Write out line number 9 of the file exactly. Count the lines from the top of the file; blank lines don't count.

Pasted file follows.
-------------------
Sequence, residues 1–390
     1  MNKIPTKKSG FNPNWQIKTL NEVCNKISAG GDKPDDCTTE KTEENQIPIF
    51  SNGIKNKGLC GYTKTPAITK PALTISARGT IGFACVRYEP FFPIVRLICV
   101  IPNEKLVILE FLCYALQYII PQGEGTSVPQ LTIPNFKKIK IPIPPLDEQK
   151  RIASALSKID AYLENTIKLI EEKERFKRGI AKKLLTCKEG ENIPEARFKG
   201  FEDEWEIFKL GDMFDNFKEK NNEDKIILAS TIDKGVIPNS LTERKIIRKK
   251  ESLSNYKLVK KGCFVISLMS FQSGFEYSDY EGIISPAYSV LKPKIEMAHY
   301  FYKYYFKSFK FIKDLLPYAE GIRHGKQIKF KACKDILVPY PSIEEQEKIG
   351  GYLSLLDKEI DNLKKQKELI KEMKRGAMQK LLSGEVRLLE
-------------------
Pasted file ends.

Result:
   351  GYLSLLDKEI DNLKKQKELI KEMKRGAMQK LLSGEVRLLE